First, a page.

If it werent for a few Panasonic ToughBooks, Steve Davideks job as the operations and system administrator for the city of Sparks, Nev., would be a little bit easier.
“One of the hardest things for the tech support guys is having to deal with something that is not covered under the same warranty as everything else, and its just something that cannot be done in a straightforward way,” said Davidek, who oversees the IT infrastructure for the city of 87,000 people. “Thats why the guys look at me when they have to go work on the ToughBooks.”
For the most part, Davidek doesnt have much of a problem outside those few ToughBooks. The rest of the 500 desktops and laptops Davidek and his two-man support staff have responsibility for are supplied through Hewlett-Packard. In addition to having all the warranties and services from the same PC vendor, Davidek said it is easier to manage a homogeneous fleet of PCs instead of trying to keep track of different clients from a range of OEMs.
A Nov. 12 survey backs that claim up. The Forrester Research survey looked at the buying habits of 565 enterprises in North America and Europe and found the benefits of a homogeneous PC fleet help balance out the difficulties of ensuring all the workers are using the same brand of desktops and notebooks.
“Enterprises that can settle on one desktop and one laptop configuration from a single supplier with standard application configurations save big on building, maintaining, and deploying images across their distributed corporate environment,” Benjamin Gray, an analyst with Forrester, wrote in the report.
Davidek would agree.
“Its just easier with managing the different images that you have, and you dont have to worry about the odd drivers with different PCs,” Davidek, who sits on the board of directors of Encompass, HPs largest user group, told eWEEK. “The interoperability is there, and theres nothing different. We know they can all get access to the network and work with the servers that we have.”
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The effort to create a standardized PC fleet is not easy and requires the IT department to ensure that the hardware can support the software and other applications needed to run day-to-day operations. In general, PC purchases account for the largest part of an IT departments hardware spending every year. Not only will standardizing on one PC cut down on the number of management concerns, but it will also save money in terms of pushing out patches and managing client images, Forrester concluded.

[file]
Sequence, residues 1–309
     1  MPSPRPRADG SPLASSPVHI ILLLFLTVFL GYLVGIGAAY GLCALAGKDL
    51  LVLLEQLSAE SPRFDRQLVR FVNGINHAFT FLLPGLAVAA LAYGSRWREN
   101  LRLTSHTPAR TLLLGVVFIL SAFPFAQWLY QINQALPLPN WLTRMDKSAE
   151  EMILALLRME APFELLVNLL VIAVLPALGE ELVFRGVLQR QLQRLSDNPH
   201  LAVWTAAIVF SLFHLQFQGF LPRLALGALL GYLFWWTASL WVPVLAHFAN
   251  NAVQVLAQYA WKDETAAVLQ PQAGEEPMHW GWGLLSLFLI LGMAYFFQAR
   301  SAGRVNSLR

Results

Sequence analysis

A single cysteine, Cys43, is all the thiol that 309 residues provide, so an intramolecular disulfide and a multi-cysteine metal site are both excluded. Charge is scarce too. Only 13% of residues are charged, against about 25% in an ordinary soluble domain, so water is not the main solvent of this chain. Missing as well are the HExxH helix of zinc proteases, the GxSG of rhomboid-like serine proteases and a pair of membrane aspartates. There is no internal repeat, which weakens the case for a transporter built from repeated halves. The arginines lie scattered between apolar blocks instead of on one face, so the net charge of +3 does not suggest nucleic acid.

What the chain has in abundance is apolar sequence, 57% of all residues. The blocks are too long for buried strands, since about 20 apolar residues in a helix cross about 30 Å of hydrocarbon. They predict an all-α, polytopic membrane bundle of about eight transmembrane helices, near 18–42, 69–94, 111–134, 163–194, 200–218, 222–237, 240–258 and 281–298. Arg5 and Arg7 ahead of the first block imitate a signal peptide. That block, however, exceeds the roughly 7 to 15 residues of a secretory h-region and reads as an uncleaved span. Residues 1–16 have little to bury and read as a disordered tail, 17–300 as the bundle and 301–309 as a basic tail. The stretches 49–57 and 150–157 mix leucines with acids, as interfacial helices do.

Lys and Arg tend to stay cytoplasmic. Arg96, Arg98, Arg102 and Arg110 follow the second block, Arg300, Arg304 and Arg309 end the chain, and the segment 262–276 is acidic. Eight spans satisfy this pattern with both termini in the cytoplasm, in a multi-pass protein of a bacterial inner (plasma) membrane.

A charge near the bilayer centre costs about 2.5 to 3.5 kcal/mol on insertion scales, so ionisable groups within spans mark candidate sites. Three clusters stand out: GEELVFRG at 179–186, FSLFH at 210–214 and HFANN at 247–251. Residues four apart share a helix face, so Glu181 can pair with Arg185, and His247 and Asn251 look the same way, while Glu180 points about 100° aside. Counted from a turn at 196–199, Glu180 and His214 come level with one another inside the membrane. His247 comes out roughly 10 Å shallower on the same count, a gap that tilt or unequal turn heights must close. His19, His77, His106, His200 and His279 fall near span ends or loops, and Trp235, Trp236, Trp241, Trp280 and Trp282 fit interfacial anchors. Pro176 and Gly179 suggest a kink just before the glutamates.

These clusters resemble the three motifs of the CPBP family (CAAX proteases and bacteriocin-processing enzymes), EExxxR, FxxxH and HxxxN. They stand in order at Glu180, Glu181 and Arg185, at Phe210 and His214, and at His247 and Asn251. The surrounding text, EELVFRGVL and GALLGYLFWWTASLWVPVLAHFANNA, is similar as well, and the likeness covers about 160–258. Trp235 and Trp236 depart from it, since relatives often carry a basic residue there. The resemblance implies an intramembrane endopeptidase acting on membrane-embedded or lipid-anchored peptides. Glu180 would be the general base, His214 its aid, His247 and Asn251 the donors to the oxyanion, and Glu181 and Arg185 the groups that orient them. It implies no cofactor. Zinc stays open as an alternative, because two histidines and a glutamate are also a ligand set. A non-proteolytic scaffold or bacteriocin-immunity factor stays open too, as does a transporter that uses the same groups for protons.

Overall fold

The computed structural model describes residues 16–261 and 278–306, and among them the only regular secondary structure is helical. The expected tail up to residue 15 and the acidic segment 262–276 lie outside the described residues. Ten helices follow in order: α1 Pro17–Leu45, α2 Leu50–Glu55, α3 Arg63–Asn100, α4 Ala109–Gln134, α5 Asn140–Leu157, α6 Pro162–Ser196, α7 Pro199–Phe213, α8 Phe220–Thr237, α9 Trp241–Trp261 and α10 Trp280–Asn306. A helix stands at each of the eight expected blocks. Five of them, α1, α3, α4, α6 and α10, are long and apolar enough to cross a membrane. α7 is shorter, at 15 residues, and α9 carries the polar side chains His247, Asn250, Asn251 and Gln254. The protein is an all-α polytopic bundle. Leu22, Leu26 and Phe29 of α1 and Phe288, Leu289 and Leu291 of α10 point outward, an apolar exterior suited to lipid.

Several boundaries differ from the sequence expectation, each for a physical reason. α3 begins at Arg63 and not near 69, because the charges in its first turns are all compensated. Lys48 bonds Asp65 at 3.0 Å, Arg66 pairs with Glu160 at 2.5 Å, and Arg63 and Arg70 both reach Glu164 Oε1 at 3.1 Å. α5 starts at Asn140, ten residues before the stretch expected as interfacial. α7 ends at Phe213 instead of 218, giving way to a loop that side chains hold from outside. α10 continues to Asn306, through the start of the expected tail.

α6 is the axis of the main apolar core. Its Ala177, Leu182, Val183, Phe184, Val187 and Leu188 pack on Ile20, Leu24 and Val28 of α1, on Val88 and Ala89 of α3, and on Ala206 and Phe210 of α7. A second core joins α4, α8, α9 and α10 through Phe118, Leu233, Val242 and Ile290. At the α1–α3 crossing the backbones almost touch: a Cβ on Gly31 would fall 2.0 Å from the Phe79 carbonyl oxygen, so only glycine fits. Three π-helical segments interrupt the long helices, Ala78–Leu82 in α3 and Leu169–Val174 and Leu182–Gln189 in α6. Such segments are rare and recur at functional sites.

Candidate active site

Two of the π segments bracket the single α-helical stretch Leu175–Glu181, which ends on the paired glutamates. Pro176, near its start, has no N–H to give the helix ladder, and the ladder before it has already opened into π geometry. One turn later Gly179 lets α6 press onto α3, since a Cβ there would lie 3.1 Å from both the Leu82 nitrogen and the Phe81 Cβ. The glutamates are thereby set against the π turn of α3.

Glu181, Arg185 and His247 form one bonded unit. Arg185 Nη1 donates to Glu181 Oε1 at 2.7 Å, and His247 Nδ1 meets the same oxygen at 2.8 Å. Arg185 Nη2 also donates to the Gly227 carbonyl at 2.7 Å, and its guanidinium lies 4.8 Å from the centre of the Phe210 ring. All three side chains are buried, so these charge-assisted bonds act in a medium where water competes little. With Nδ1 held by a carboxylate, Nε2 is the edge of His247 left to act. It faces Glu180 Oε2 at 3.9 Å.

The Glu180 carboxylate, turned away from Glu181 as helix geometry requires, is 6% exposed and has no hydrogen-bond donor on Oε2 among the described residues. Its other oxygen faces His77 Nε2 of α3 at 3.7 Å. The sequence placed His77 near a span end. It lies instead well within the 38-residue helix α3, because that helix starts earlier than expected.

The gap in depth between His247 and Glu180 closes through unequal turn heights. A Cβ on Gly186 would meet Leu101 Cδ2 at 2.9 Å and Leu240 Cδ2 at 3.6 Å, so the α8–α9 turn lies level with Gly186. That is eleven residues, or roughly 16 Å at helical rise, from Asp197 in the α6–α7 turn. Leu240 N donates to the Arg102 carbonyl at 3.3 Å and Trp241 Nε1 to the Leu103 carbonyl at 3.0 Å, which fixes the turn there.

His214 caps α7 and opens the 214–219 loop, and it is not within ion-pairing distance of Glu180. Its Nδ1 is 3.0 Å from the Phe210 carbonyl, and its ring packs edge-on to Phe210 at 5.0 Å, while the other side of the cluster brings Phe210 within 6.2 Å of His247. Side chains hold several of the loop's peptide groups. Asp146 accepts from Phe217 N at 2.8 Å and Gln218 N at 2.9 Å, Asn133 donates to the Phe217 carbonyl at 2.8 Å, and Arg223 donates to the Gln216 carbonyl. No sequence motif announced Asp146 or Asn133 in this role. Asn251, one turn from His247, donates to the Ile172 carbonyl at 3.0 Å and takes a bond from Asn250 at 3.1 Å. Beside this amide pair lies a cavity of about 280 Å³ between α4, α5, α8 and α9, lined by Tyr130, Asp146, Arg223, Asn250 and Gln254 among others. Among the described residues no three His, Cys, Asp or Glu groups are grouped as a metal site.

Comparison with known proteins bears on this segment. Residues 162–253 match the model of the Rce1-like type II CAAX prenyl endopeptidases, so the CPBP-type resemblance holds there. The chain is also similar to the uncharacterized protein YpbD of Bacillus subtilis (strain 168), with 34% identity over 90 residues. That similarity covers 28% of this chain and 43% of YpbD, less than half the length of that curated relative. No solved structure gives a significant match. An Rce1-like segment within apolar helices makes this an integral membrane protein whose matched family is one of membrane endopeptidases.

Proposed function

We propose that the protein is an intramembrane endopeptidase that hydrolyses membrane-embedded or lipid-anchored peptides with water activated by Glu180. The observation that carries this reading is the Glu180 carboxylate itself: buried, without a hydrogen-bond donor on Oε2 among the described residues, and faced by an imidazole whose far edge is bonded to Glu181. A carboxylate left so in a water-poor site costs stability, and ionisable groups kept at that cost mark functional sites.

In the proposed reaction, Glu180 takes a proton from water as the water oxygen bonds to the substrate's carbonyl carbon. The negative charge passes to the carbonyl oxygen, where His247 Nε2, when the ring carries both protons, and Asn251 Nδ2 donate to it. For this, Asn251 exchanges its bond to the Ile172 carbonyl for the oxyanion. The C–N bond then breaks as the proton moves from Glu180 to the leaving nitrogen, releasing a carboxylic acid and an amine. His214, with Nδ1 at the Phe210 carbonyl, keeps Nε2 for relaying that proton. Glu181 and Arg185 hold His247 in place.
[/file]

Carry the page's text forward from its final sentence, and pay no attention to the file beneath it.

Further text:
While the city of Sparks has a relatively small PC fleet, a company with a much larger fleet has also found benefits in standardization.
Gevity, a human resources services business located in Brandenton, Fla., works with about 7,000 other companies across the United States and has 45 remote offices. Vito Melfi, Gevitys vice president of system operations, oversees a fleet of about 1,200 HP desktops and laptops scattered across the country.
“The type of imaging system that we have used has been supported by the company standardizing on HP,” Melfi said. “One of the key areas thats an advantage for us being an HP shop is that we get the support we need, and standardization does help when you only have a couple of full-time technicians. Its also helped with our own help desk and allowed us to standardize some of the procedures we use when people call in for help.”
For Davidek, standardizing with one vendor not only helps with the big issues, such as patching and image management, but it also helps with the smaller issues that come up each day.
“We have a lot of notebooks right now, and that means we had to buy docking stations, and we want to make sure all the notebooks work with them so we dont have to worry about buying other ones,” Davidek said.
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